California high-speed rail project has $929 million in funding restored

June 14, 2021
The project’s Cooperative Agreement was terminated in 2019 under the Trump Administration, which found the project’s sponsor was not in compliance with the agreement terms.

The Federal Railroad Administration (FRA) and state of California have reached a new agreement that will restore the California High-Speed Rail Authority’s (CHSRA) $928.6 million in federal funding that had been de-obligated in 2019 under the FRA of the Trump Administration.

“This settlement agreement follows intensive negotiations between the parties and reflects the Federal government’s ongoing partnership in the development of high-speed rail. It also underscores CHSRA’s commitment to deliver this transformative infrastructure project. The Department is excited about reestablishing this important relationship with the State of California and is committed to fulfilling its oversight responsibilities. This settlement is an important step in advancing an economically transformational project in California,” said FRA Deputy Administrator Amit Bose.

A brief history of the agreement termination

In February 2019, the FRA under the Trump Administration sent a letter to CHSRA that stated its intent to terminate the Fiscal Year 2010 Cooperative Agreement and cited four main reasons, including failure to achieve agreed on levels of state funding, inability to complete the project by 2022, lack of financial reporting and failure to take corrective steps to deliver the project.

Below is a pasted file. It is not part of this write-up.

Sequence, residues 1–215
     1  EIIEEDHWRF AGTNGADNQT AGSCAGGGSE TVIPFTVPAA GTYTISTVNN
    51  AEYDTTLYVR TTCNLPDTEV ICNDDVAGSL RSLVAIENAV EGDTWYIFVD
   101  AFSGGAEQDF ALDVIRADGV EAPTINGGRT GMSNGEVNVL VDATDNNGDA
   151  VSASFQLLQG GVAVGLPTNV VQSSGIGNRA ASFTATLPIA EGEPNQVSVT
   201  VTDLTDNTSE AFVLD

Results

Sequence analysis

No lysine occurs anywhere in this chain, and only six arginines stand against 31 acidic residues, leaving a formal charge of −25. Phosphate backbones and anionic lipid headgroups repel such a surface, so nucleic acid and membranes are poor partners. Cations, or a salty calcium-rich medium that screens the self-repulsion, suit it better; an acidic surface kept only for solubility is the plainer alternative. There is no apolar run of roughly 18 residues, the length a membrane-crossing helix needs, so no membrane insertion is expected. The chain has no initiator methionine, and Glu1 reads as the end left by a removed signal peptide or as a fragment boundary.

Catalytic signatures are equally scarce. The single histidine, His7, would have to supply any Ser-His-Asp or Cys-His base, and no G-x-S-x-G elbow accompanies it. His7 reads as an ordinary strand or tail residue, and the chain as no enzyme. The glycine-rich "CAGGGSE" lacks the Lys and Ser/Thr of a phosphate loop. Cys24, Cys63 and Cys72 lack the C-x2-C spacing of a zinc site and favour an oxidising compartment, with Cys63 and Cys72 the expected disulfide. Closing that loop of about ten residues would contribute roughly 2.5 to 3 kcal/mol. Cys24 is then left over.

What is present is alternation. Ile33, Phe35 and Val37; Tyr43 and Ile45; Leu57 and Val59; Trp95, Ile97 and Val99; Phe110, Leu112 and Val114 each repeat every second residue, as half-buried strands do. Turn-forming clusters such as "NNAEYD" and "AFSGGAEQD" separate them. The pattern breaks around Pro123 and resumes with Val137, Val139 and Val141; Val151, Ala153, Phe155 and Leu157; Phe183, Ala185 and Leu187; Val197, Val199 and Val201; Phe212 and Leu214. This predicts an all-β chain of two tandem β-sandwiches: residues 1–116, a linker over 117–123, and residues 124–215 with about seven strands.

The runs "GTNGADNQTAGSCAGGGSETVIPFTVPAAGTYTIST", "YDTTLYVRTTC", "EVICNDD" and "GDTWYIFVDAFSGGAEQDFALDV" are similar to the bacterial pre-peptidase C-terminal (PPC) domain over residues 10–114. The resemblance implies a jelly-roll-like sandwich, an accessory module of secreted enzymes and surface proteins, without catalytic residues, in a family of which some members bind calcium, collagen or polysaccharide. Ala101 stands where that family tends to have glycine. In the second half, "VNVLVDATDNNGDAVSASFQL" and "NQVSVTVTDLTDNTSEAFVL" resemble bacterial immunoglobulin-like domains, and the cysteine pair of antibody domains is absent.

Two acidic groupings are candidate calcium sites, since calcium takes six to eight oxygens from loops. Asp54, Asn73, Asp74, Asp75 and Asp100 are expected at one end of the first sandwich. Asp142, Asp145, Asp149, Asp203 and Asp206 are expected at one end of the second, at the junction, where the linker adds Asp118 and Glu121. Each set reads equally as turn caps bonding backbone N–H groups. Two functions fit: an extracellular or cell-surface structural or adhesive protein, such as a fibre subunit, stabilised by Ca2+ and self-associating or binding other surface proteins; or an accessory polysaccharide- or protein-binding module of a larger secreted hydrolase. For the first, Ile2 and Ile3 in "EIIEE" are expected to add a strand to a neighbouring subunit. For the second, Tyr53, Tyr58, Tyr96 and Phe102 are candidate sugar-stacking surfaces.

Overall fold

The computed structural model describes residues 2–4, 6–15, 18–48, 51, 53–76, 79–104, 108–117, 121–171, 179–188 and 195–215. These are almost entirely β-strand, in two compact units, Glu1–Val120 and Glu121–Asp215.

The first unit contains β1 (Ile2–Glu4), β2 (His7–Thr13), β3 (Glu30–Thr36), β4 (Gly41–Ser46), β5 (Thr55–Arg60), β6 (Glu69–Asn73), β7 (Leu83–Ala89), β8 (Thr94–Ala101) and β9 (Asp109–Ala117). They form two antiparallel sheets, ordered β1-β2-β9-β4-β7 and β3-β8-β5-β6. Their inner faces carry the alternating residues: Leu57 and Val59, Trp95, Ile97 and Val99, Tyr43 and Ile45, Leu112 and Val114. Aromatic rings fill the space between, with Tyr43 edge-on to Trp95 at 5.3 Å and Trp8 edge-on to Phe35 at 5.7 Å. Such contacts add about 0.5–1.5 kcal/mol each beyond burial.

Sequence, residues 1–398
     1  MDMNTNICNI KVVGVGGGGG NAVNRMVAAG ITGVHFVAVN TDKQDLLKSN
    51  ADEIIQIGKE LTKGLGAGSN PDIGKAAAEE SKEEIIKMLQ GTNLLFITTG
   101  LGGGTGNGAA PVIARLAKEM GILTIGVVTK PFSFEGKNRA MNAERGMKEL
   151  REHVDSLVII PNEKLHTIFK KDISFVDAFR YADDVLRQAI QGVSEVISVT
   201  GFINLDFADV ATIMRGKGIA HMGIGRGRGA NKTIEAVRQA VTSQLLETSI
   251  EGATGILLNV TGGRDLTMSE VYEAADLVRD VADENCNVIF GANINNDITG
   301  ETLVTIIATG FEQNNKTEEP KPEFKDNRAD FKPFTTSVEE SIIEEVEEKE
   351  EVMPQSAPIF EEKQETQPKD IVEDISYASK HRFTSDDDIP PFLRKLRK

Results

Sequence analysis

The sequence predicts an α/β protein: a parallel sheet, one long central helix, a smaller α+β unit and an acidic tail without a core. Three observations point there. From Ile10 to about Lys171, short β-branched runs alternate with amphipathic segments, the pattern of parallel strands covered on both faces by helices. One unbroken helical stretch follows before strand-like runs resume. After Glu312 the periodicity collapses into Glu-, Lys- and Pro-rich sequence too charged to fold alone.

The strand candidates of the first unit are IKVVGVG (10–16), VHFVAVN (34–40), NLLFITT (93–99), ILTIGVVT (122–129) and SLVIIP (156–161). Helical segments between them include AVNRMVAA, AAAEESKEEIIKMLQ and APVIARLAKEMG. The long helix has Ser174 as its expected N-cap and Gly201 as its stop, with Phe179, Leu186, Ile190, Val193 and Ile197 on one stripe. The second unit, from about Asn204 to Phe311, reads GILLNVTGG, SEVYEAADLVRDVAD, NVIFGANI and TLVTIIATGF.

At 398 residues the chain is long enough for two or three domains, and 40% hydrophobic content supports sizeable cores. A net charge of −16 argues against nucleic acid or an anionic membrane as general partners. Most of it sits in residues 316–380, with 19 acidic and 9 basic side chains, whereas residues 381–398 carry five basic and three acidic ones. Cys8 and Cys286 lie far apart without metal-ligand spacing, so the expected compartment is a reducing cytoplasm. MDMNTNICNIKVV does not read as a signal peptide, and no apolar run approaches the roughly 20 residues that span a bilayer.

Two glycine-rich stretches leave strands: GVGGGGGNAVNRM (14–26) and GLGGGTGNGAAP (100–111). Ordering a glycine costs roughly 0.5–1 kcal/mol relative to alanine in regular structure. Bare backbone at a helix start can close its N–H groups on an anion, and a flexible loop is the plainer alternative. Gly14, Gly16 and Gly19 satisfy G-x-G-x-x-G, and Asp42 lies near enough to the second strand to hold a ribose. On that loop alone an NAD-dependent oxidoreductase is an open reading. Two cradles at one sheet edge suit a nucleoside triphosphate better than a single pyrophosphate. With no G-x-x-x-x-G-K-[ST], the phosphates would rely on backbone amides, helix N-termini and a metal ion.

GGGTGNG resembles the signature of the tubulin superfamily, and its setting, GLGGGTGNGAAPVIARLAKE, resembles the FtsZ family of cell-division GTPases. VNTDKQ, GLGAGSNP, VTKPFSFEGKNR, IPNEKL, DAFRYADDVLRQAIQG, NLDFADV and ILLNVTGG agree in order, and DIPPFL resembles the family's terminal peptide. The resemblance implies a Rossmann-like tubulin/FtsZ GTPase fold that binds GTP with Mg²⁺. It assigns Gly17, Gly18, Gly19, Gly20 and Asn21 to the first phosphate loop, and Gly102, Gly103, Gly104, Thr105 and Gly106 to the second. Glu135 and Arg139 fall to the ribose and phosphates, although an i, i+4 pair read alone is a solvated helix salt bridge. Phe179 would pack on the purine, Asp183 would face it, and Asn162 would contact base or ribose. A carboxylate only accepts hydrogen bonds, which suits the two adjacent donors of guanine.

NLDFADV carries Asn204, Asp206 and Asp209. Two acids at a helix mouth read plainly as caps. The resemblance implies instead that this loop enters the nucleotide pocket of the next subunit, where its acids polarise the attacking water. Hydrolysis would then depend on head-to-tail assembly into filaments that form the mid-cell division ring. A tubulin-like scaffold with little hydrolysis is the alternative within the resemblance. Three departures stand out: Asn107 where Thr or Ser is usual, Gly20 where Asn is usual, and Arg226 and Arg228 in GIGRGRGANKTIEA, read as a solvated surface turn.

The agreement was terminated and the funding de-obligated in May 2019 following what the FRA under the Trump Administration called careful consideration.

California Gov. Gavin Newsom called the agreement termination “political retribution” on the state and vowed to defend the project.

Now that a settlement has been reached between parties, an “Amended FY10 Agreement” will be executed for the project.

What this means for the California’s high-speed rail project

CHSRA is currently working to build and deliver the initial operating segment of the project that will see high-speed rail operate along 119 miles in the Central Valley. CHSRA says it has an average of 1,100 workers per day at more than 35 active construction sites.

“With this settlement, it’s clear we once again have a strong federal partner on this challenging but transformative project. We appreciate FRA’s expression of confidence that we are getting this project on the right track. Let’s continue the work of creating jobs and building the nation’s first truly high-speed rail project right here in California,” said CHSRA CEO Brian Kelly.

About the Author

Mischa Wanek-Libman | Group Editorial Director

Mischa Wanek-Libman serves as editor in chief of Mass Transit magazine and group editorial director of the Infrastructure and Aviation Group at Endeavor Business Media. She is responsible for developing and maintaining the editorial direction of the group and is based in the western suburbs of Chicago.

Wanek-Libman has spent more than 20 years covering transportation issues including construction projects and engineering challenges for various commuter railroads and transit agencies. She has been recognized for editorial excellence through her individual work, as well as for collaborative content. 

She is an active member of the American Public Transportation Association's Marketing and Communications Committee and serves as a Board Observer on the National Railroad Construction and Maintenance Association (NRC) Board of Directors.  

She is a graduate of Drake University, where she earned a Bachelor of Arts degree in Journalism and Mass Communication with a major in magazine journalism and a minor in business management.